"58.8% of women have faked an orgasm at some point in time."
Why Women Fake It?
According to Karla Ivankovich, PhD, a clinical counselor and couples therapist, many women start faking orgasms because they think, 'It’s okay that sex isn’t perfect now because it’s early and it could totally get better.'
Women are perfectly content with the emotional connection with their partner, and they’re less focused on the sexual connection at that time. What matters most in a relationship is also unique to each person; some value sex more than others; some value emotional connection. But most soon discover that the issues of bad sex and faux enjoyment are complicated.
While orgasms mark the peak of physical pleasure, there are also emotional components tied to it like intimacy, self-esteem, and ego- especially in men. Women have been taught that a male partner takes it as a direct insult to his manhood if he can’t get her to climax. These gendered expectations are part of the reason why orgasms are more frequent among lesbian women than straight and bi women. As “people-pleasers,” women are conditioned to make the best of situations, says Sunny Rodgers, a clinical sexologist and certified sex coach. The faking charade is generally not ill-intentioned. “They don’t want their partners to feel like they can’t provide them with an orgasm,” she says. “A couple of moans later, and they feel they’ve helped create a bond with their partners and assure them of their prowess.”
The Fauxgasm Cycle
Feigning pleasure is most problematic in that exact scenario — when it’s a habitual action. At best, your partner thinks they are more sexually skilled than they actually are, but there are even more downsides. An orgasm is an indicator to your partner that what they are doing feels good and that they should keep on doing it. So, if you’re faking your experience of pleasure, you are reinforcing their behavior in a way that does not actually satisfy you.
Women are putting their partners egos ahead of their own sexual pleasure therefore making it a normalized part of female sexual experiences. Chances are, especially if you’re with a male partner, he’s not even going to notice that your dramatics are just that. Rodgers says most men still assume the female orgasm works just like theirs. “Men have a very hard time faking an orgasm, and their bodies react differently to vaginal intercourse, allowing them to climax the vast majority of the time. Women, however, are not always guaranteed an orgasm without additional clitoral stimulation.” According to recent studies, fewer than 25 percent of women are able to climax from penetration alone.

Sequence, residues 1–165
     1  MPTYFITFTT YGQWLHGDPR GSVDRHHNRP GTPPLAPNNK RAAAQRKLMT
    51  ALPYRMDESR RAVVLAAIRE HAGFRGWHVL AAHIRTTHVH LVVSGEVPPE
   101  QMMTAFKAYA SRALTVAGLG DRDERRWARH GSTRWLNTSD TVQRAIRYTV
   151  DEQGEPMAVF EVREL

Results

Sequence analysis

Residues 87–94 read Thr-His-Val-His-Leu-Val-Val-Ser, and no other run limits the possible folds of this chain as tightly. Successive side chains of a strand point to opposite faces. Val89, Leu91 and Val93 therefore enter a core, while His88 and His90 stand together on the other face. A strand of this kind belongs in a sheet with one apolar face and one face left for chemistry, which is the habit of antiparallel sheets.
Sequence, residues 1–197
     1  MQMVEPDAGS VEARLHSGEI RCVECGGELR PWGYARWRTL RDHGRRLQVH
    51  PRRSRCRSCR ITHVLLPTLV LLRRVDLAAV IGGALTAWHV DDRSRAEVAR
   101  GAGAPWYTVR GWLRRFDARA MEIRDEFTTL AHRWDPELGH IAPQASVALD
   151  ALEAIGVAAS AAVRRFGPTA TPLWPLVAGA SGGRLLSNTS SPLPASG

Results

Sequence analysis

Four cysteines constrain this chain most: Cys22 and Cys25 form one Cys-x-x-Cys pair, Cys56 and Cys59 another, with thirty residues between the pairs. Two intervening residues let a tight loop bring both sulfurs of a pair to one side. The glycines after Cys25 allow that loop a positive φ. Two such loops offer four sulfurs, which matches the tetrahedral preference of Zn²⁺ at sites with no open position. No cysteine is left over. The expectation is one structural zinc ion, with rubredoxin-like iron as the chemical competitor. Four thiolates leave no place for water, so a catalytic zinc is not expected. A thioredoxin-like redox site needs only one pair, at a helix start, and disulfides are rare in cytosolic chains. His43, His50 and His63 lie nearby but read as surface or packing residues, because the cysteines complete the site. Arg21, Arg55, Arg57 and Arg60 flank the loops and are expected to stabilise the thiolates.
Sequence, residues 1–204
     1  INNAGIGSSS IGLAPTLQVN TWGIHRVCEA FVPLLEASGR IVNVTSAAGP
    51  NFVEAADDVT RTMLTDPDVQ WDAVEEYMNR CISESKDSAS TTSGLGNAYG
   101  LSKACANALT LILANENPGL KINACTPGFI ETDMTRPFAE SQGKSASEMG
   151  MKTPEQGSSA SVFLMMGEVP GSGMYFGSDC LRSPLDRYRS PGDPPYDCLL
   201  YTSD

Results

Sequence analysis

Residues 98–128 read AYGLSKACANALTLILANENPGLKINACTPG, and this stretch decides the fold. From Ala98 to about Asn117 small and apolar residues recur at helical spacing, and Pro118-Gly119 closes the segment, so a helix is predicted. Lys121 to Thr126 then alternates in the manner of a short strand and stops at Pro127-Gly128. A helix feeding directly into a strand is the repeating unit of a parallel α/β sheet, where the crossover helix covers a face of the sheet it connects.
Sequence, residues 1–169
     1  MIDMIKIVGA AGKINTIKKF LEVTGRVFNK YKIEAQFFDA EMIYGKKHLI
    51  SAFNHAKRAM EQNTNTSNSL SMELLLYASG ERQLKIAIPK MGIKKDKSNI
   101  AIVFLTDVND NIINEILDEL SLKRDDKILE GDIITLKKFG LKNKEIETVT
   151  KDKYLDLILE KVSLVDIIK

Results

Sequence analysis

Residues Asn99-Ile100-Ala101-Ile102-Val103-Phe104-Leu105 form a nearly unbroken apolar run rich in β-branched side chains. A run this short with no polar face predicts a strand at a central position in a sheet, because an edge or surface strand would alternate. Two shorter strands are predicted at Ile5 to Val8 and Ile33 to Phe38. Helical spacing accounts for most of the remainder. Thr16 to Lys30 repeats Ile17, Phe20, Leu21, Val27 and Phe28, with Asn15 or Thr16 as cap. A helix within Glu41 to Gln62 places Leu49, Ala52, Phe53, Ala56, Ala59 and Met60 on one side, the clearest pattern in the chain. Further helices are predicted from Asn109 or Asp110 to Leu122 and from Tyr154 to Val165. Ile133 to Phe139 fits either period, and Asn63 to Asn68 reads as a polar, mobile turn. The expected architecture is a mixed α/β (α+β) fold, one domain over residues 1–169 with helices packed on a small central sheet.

Faking orgasms deprives you from receiving pleasure and your partner from knowing how to turn you on and touch you just right. If you fake your enjoyment you are not being authentic during a sexual encounter. Neither of you benefit from this behavior.
How to Tell Them
The experts actually recommend you don’t start with the most direct approach. If you just lay it out there and state that you haven’t been orgasming, your partner will likely take it as a betrayal — feeling misled is an even harder pill to swallow than the ego bruise. Masturbation is sexual exploration- experimenting with different types of stimulation — without a focus on reaching orgasm — will not only make you a better coach, it’ll likely rev your sex drive altogether, as a result improving your sexual experience within your relationship.
Next, suggest a new approach to sex with your partner, expanding your repertoire and slowing things down. Instead of wondering why it’s suddenly taking you so much longer to come, your partner may be intrigued by the idea of exploring together. Say you’ve read that you need more clitoral stimulation to have even stronger orgasms, and it might take a while to really get there, clinical sexologists suggest the 20:20 approach, which is 20 minutes of foreplay, slowly removing clothes and warming up, along with 20 minutes of direct clitoral stimulation to reach climax.
Use some gentle, in-bed guidance while you experiment together. Focus on your experience of sexual sensations. Pay more attention to what you like, and what isn’t working so well, and then use positive reinforcement accordingly. If your partner does something that actually feels good, tell them directly. With words! “Like, ‘It feels great when you touch me like that,’ coupled with nonverbal indicators like moaning or heavy breathing,” If they start doing something you don’t like, guide them back to the sexual activity that was working for you.
Rather than using the phrase “faking it,” you might choose to say that you feel like you’re not reaching your full sexual potential.